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Scientists recorded the sound of a single bacterium
It's the world's smallest and loneliest disco.
Science fiction has a long and storied relationship with shrinking. Alice shrank during her journey through Wonderland and Wayne Szalinski famously shrank not only his kids, but himself and his friends. Almost a decade earlier, Pat Kramer — played by Lily Tomlin — started shrinking after exposure to an experimental perfume in The Incredible Shrinking Woman. While Alice and Szalinski remained large enough to fit in the palm of a hand or ride an ant, Kramer continued shrinking until she vanished from sight and entered the microscopic world.
There, she might have had the unique experience of knowing what microbes sound like as they navigate the world of the very small. While microscopes have allowed us to peer into the microcosmos, our view of the microbial world has always been shrouded in silence, until now.
In a new paper published in the journal Nature Nanotechnology, Irek E. Rosłoń and colleagues from the Delft University of Technology reveal how they were able to record the sounds of a single bacterium using drums made of graphene.
“We didn’t really set out to record the sounds of bacteria, we were really just curious how far we could push the graphene,” Rosłoń told SYFY WIRE.
Researchers built incredibly small drums out of graphene; a two-dimensional material composed of carbon only one atom thick. This material has sparked something of a revolution in science over the past several years owing to its unique properties. The chemical relationships in graphene are such that the material is incredibly strong while remaining flexible. It’s so flexible, in fact, that it can register the minute movements of bacteria crawling along its surface.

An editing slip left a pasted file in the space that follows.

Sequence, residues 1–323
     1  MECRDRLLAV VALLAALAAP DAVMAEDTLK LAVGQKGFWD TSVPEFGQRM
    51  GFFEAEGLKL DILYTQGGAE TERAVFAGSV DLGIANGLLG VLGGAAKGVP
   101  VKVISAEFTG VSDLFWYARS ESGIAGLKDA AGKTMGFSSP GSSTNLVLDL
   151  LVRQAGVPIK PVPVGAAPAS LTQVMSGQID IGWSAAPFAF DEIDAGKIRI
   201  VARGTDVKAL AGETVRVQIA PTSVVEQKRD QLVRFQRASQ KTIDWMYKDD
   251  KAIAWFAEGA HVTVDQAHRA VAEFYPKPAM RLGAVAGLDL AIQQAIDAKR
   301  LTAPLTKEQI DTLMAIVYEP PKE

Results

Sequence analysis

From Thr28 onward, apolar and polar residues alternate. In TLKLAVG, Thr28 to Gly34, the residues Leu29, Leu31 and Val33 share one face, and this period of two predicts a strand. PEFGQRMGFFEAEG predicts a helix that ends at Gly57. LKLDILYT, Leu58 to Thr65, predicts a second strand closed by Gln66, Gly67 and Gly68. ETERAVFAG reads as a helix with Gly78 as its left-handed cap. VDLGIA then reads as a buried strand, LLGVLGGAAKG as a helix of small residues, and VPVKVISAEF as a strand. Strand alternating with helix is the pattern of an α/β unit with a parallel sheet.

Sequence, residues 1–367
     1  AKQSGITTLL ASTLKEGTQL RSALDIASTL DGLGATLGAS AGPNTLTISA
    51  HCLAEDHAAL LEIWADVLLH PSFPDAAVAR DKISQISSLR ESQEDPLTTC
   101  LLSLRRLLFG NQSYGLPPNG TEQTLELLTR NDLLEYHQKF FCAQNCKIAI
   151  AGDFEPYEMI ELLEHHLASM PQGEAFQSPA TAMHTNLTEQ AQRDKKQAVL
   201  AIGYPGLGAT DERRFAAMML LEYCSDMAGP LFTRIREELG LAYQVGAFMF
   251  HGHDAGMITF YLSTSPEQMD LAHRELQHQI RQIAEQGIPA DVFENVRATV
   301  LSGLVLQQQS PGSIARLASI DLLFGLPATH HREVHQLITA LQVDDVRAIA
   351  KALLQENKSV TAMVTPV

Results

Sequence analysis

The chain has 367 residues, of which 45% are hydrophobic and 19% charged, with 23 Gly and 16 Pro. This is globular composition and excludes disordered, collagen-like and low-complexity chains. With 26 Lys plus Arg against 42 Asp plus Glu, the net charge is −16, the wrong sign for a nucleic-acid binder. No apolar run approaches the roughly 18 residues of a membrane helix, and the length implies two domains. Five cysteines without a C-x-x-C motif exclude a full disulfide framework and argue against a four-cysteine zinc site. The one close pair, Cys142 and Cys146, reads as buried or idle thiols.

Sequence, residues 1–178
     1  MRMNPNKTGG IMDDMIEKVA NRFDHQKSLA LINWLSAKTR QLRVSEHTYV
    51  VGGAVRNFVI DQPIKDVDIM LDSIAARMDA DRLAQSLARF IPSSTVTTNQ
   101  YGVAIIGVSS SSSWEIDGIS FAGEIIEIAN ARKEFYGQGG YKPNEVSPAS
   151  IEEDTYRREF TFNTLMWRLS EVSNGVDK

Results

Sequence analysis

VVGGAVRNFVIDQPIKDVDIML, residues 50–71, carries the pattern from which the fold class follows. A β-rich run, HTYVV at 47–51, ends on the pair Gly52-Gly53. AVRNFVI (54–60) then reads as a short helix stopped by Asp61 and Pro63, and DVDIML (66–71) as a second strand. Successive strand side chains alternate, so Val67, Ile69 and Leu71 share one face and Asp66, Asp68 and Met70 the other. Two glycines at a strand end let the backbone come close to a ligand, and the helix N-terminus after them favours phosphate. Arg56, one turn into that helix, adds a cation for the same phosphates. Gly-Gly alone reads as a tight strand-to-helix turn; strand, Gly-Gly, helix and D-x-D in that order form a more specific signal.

“The tiny forces coming from the molecular machines that keep the bacteria alive, help it to grow, help it divide, and are picked up by the graphene and transduced,” Rosłoń said.
Those tiny vibrations in the graphene are measured by a laser interferometer and sent to a computer where they are converted to sound waves. Getting a single bacterium onto the graphene drums was a challenge but the researchers found an interesting way to make it happen.
By placing the drums horizontally under a vial containing bacteria-filled fluid and then quickly turning it vertically, they were able to get a single bacterium to land on the drum and attach before any others could join the party.
“It’s a matter of having good timing so the bacterium has time to fall from the vial onto the surface and then turning it quickly. If you time it well, you get one bacterium per drum,” Rosłoń said.
Once the team had acquired a signal, the next question was determining what was causing the sounds. Through a rigorous process of elimination, they determined that about 80% of the sound they measured came from bacterial flagella: microscopic appendages which help bacteria swim through their environment. The remaining 20% of recorded sound is, at present, a mystery.
“Even in bacteria without flagella, we saw some motion. We could still hear them. We’re trying to figure out what the processes are that are responsible for the last 20% we’re recording,” Rosłoń said.
Aside from just being cool, the ability to measure the sounds bacteria make could have life-saving applications in the medical field. Researchers and even primary care or emergency doctors could use these drums to assess bacterial response to antibiotics in real time.
“We realized when the bacteria are alive, we can hear them, but when you add an antibiotic, the sound diminishes. You can actually hear and understand that the antibiotic is having an effect and killing them,” Rosłoń said.
A doctor could feasibly use a system like this to evaluate if the bacteria invading an individual patient is resistant to particular antibiotics and dial in on the correct treatment without having to try multiple treatments and wait to see if a patient responds.
Looking forward, Rosłoń and colleagues are looking to see if different microbial species have unique sound profiles which could be used to identify them.
“It would be very nice to know if we’re hearing E. coli or hearing a bacillus. We’re still figuring out if we can make a fingerprint of the sound of a bacterium and tell what we’re hearing,” Rosłoń said.
In the future, your diagnosis and treatment could be determined in part by the sounds bacteria make when they’re shaking their buts on a two-dimensional drum. If nothing else, that should make you laugh, and laughter is the best medicine.